Blog posts worth reading

I read blogs, I write blogs… and now I want to recommend some blogs.

Worth a read:

Spencer’s Scratch Pad: Why kindergarten is hard for my son
Thought-provoking and interesting. Spencer always writes about his son, and I think it is great to read a kindergartener’s perspective.

Tech Transformation (Maggie Hos-McGrane): Teaching for Understanding

Blogging Through the Fourth Dimension: How Homework Destroys

About a Teacher (Gret Sandler’s amazing blog): Hearing their voices
A great post on blogging with students and the impact it can have!

Inquire Within: Don’t do inquiry
A new collaborative blog about inquiry. 10 reasons why not to do inquiry!

Principal of Change: The vision (our ePortfolio project)

Never be shy to leave a comment on a blog! It is what encourages dialog and, ultimately learning!


I had an interesting discussion with a friend the other day about the word No, and how often it is being said in schools. In all honesty, I am not sure how often I say no to a student, without even thinking about it. And this makes me wonder how many times I have stopped something incredible from happening, just because it hasn’t made sense to me at the time.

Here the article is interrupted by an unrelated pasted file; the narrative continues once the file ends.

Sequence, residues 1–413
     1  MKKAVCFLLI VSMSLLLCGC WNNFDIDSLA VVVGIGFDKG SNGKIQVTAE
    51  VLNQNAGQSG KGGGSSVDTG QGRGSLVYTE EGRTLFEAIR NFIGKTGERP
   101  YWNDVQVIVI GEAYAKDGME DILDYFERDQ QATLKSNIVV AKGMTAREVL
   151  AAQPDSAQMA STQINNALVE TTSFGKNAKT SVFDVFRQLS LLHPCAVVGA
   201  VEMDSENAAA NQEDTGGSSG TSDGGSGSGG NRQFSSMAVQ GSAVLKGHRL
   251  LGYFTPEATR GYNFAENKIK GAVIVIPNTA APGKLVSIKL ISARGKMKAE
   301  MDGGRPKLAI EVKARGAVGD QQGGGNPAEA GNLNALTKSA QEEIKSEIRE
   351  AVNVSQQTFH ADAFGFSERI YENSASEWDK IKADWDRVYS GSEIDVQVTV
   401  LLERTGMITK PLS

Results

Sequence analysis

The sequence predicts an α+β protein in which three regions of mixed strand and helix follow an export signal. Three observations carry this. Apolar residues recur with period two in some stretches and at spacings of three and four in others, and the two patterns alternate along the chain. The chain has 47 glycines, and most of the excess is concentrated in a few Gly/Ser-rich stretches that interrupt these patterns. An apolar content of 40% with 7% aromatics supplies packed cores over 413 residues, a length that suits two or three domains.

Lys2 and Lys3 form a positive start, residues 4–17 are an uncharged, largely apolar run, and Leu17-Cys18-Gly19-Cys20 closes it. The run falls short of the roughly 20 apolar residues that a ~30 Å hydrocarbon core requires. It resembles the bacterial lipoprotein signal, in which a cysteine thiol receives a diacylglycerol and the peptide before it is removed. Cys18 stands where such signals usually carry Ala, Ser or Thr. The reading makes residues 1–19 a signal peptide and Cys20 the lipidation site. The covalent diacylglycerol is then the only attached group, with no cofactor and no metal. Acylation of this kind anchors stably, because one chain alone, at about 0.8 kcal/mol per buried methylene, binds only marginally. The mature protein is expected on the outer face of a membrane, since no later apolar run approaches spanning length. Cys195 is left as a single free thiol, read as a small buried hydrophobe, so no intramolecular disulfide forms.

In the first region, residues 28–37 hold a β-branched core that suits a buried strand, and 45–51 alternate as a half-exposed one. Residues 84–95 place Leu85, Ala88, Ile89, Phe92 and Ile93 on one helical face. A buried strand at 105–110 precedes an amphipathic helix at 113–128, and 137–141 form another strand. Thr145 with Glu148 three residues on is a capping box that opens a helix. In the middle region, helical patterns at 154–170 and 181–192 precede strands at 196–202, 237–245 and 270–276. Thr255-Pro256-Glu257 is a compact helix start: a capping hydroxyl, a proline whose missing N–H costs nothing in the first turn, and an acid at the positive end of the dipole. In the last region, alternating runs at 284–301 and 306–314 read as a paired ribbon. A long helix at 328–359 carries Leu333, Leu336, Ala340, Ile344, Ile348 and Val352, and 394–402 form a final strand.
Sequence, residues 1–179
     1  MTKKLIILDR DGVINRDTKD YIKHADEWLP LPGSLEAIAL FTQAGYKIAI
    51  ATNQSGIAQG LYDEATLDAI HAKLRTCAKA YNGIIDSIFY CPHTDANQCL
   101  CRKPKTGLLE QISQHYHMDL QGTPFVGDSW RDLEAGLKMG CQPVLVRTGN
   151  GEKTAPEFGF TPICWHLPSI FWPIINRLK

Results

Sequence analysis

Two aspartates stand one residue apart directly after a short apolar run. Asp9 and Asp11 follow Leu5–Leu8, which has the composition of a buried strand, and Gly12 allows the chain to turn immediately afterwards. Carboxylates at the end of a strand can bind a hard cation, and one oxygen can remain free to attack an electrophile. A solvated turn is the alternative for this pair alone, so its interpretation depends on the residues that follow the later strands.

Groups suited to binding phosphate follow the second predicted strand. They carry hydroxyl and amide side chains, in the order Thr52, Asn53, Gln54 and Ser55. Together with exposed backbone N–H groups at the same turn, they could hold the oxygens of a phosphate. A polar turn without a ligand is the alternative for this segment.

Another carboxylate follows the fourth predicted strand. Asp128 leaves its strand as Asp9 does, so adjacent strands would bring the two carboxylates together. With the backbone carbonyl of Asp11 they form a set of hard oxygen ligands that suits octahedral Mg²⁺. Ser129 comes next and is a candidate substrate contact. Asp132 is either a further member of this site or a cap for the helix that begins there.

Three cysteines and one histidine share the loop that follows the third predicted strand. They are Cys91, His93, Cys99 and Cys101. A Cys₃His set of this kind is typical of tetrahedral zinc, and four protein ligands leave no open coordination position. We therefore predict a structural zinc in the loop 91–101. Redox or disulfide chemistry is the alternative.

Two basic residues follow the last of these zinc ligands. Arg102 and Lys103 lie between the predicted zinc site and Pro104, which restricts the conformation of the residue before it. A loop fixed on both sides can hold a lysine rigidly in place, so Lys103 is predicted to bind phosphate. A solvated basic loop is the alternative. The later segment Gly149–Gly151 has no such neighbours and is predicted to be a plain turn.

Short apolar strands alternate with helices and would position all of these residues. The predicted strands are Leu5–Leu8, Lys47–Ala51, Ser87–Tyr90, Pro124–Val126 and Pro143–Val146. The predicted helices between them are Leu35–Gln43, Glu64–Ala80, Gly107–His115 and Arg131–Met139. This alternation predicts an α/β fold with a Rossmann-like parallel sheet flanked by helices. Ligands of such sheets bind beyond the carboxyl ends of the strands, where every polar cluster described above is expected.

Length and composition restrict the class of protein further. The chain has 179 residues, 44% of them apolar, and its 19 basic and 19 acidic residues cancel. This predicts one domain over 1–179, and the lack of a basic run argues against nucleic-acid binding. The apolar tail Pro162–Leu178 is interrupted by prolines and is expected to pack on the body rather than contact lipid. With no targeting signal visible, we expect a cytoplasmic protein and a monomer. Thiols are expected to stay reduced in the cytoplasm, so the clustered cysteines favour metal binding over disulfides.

Some time ago I read an interesting blog post by an early childhood educator and saying no, but I can’t find it anymore. Its message though was very clear: Don’t just say no, ask why instead!

I could mention a million examples here, but I will let you think about it yourself, about your practice. Just as I am doing myself.
My small goal for after the half-term break is: Ask why, don’t just say no!

Concept-driven curriculum

The PYP has five essential elements (knowledge, attitudes, skills, concepts and action) and the one I want to look at closer today are the concepts.

In A Basis for Practice, the IB states:

The PYP provides a framework for the curriculum, including eight key concepts as one of the essential
By identifying concepts that have relevance within each subject area, and across and beyond the subject
areas, the PYP has defined an essential element for supporting its transdisciplinary model of teaching and
learning. Expressed as open-ended questions, the eight key concepts provide the initial momentum and
the underlying structure for the exploration of the content of the whole programme

A recent blog post by Maggie @ Tech Transformation about Teaching for Understanding inspired me to reply, and while I was replying, I made an interesting connection between assessment and key concepts.